How Might This Affect Uber XL?
It could negatively affect Uber XL, at least at the beginning. There are several people who take rides from the airport and just want a little extra room but don’t want to pay for an XL ride. This would obviously be a great option for passengers in that situation, but could hurt the thriving XL market at airports around the U.S.
In Jason’s experience as an XL driver, he knows people will pay more for a larger vehicle just because they want room. Even if it’s a single person riding in the vehicle, they want that comfort, but if they don’t have to pay for an XL but are giving more room than the smallest available model cars, they’ll do it time and again.
On the other hand, he knows that small SUVs that are marked as Uber Comfort will not necessarily replace XLs because, in a specific example he gave, if someone had surgery and needs a wider door and more leg room, they’ll still need to request an XL, a small SUV will not cut it and passengers will quickly realize this after testing the waters with Uber Comfort.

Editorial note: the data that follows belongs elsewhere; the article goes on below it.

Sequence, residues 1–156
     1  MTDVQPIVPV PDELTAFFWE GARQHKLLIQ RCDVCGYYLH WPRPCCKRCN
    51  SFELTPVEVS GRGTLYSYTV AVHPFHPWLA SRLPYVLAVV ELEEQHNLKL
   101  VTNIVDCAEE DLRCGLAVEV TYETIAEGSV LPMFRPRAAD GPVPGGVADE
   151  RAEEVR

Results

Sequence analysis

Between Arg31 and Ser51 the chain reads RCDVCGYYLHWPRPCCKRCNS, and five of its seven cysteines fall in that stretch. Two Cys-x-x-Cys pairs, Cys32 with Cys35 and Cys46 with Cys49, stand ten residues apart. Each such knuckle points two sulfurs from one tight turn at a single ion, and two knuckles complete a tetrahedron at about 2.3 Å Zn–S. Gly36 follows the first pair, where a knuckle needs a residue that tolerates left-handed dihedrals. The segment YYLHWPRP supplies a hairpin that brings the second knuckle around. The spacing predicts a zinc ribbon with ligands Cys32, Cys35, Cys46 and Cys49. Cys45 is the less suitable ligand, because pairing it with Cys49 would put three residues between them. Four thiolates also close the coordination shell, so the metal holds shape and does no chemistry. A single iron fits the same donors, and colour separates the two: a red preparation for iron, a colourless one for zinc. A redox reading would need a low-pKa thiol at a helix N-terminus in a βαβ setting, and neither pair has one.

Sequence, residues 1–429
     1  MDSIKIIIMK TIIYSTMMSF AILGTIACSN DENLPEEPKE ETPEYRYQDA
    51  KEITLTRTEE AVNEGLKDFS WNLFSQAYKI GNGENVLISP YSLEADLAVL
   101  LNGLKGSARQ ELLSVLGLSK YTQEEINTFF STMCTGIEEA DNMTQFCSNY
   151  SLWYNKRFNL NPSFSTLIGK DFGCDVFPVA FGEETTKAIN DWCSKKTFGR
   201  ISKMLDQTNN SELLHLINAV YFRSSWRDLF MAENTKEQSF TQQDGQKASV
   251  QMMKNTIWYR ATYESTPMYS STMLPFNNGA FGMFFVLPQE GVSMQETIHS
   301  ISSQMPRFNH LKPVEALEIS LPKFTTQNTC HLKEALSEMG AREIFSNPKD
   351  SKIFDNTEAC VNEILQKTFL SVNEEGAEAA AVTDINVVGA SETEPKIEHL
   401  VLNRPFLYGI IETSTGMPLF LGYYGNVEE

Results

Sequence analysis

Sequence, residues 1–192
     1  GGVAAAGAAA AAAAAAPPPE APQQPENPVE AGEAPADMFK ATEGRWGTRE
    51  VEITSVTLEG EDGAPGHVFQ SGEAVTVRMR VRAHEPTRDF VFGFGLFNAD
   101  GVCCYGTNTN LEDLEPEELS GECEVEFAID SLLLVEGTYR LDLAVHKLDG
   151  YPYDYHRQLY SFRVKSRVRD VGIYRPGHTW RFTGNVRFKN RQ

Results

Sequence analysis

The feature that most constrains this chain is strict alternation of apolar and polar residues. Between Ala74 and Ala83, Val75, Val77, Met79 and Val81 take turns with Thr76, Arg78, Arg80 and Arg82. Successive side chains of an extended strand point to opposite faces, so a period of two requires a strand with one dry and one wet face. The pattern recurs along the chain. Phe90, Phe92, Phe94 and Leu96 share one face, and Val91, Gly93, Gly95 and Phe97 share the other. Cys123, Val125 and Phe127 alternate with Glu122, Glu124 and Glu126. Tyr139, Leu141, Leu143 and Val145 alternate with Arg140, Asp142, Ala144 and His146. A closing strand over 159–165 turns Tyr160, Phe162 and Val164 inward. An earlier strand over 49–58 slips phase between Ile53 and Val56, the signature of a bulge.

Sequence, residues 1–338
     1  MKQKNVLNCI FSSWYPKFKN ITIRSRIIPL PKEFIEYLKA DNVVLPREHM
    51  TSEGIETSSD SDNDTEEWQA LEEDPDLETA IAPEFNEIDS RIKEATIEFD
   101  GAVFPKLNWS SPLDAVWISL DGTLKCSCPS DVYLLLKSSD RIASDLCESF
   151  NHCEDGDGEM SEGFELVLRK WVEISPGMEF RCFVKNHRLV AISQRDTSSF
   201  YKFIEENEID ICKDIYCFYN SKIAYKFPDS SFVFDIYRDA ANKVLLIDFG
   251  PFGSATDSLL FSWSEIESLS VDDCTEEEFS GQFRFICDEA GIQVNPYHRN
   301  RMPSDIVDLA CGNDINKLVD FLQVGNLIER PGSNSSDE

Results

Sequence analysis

Is There Any Way This Could Work for Drivers?
While it was a surprise and did not work well for full SUVs and other larger vehicles, Jason admits that he does see a market for this if used properly.
“I think it would be good if you had a small SUV,” explained Jason. “You have those small to medium sized SUVs out there running as Uber X that barely pays anything. I see the benefit for those guys. The X driver wants it because they see it as a kind of raise.”
Another upside he saw is many of these rides end up being longer rides, which means more money for those who end up taking those treks. An Uber X driver would earn more for those rides if they were booked under Uber Comfort, but an Uber XL driver would earn less than they would normally.